Cereals and Bars Expand and Diversify
Fueled by growth in gluten- and other allergen-free items, breakfast cereals and bars saw a resurgence in 2012.
Ready-to-eat (RTE) cereal makers channeled their inner Mark Twain in 2012, as in “the reports of my death have been greatly exaggerated,” with the category celebrating a comeback year on the new products front. Prognosticators have been pronouncing the RTE cereal market dead, or at the very least diseased, for years, but 2012 proved the critics wrong, as one of the strongest new product launches in decades helped usher in a stellar year.
Flush from success in overseas markets like the UK, Italy and more, Kellogg’s Krave cereal was introduced to U.S. consumers in 2012 and quickly rose through the ranks to become what has been deemed the most successful cereal launch in the category in the last 20 years. The brand leverages the chocolate flavor to new heights with its chocolate-filled cereal “pillows,” for a unique taste sensation and a flavor profile that also enables the brand to be marketed as a snack. Indeed, Kellogg launched Krave in Limited Edition Halloween Packs last October as an alternative to Halloween candy.
The concept behind Krave was to excite and recapture lapsed cereal users with an offering high in indulgence and low on apologies. The success of this approach helped set the tone for 2012, as introductions of new RTE cereal products rose 15% over 2011’s tally in the U.S., according to Datamonitor’s Product Launch Analytics.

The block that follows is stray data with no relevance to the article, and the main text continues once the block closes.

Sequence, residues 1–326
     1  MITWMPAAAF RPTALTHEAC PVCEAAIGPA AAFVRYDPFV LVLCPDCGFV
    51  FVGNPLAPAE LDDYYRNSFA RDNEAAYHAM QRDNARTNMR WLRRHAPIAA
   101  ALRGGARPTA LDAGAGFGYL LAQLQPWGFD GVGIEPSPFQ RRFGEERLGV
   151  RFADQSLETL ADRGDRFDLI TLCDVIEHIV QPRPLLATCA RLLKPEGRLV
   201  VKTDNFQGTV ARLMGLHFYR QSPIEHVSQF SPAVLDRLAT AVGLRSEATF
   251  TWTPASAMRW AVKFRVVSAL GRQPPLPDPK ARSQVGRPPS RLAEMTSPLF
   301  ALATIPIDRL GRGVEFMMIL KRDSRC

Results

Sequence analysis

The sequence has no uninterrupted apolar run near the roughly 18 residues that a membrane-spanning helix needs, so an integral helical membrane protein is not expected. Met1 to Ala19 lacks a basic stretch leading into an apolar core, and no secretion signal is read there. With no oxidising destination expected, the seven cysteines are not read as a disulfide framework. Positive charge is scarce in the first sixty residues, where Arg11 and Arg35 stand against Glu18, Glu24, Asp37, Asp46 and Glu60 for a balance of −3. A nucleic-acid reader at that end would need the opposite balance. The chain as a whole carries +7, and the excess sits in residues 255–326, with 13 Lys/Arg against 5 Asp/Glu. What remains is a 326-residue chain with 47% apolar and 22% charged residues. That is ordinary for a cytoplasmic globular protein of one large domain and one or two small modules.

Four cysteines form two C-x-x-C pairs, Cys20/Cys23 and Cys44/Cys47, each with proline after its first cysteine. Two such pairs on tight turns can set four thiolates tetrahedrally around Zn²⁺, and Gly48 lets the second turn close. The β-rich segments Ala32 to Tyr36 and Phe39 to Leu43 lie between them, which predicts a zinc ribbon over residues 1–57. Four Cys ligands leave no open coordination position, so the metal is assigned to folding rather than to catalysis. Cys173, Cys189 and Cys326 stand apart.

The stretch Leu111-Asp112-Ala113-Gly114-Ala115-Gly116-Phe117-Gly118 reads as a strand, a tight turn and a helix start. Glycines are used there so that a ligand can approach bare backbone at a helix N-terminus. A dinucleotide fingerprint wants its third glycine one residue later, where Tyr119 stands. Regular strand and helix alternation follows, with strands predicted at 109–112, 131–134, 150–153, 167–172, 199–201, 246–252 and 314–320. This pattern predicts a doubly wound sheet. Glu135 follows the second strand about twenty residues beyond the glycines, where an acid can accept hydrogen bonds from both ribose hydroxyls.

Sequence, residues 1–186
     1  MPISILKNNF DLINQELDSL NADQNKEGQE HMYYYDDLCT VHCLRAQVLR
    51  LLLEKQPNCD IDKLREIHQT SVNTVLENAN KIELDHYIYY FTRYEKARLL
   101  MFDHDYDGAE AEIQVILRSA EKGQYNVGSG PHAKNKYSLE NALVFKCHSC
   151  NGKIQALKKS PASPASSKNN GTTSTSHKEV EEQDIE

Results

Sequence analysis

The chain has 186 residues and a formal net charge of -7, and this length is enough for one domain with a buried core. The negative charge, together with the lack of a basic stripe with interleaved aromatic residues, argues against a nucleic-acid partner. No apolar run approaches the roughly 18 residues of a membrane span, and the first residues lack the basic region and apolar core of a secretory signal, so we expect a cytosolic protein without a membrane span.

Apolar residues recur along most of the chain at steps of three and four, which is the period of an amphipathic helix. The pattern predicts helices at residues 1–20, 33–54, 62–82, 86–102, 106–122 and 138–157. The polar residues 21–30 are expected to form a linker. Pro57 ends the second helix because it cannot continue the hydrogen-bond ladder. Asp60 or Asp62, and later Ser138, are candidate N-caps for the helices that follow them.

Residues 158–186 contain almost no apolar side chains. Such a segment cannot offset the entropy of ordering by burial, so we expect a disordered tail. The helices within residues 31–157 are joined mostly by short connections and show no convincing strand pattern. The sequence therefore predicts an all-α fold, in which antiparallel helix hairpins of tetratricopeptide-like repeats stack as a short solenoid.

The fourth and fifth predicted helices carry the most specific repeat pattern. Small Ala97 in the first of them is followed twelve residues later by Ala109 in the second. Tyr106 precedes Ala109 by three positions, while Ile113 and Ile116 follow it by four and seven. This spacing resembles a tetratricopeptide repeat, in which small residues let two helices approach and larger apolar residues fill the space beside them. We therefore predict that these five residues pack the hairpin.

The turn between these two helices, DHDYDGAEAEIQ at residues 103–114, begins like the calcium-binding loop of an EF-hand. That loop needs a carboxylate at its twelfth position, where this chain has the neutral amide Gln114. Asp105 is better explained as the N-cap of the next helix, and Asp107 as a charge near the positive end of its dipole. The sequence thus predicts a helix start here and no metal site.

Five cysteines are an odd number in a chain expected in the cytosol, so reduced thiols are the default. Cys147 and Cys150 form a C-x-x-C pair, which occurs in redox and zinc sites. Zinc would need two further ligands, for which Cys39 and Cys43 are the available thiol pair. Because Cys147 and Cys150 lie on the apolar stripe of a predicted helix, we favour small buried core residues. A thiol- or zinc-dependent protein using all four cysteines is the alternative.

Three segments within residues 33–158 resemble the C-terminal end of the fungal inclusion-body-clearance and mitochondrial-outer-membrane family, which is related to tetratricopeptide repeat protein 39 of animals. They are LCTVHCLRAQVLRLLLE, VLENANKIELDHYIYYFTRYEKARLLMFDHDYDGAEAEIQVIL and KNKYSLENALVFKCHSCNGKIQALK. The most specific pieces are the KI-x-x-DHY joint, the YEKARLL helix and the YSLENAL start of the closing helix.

Pre-sweetened cereals were another trend-setter in 2012, demonstrating that while consumers may say they want healthful cereals, they also want products that hit the right flavor notes. In some cases, these flavors tap those that are popular in other categories, like soft drinks or desserts. That was the case with Bokomo Otees Ice Age Cereal in a Cream Soda flavor, a 2012 launch from South Africa.
Cinnamon proved to be the flavor of choice for a number of cereal introductions in 2012, including Kellogg’s Cinnamon Almond Raisin Bran, Kellogg’s Frosted Mini-Wheats Cinnamon Roll Little Bites, Cap’n Crunch Cinnamon Roll Crunch, Chex Apple Cinnamon Gluten Free Cereal and Quaker Apple Cinnamon Crunchtime. Private labels also jumped on the cinnamon bandwagon with Target’s Market Pantry Cinni-Mini Crunch, Topco’s Shurfine Cinnamazing Crunch and Piggly Wiggly’s Bunch O’Cinnamon Squares.
Early indications are that cinnamon will prove to be a big story in 2013, too. Among the new launches waiting in the wings at Kellogg is Brown Sugar Cinnamon Jacks, said to have a “huge taste” that also flavors the milk. Cinnamon has a bright future, because it is a rare beast in the world of flavors, i.e., a flavor that tastes indulgent but with surprising health properties.
In fact, researchers at Ball State University recently discovered cinnamon may help reduce blood glucose levels after eating. According to the Journal of the Academy of Nutrition and Dietetics, the addition of 6g of cinnamon to hot cereal in test subjects reduced blood glucose concentrations by more than 20% over a two-hour period after eating. The ability of cinnamon to flatten the normal glycemic response may provide hope to people with type 2 diabetes, though more study is needed.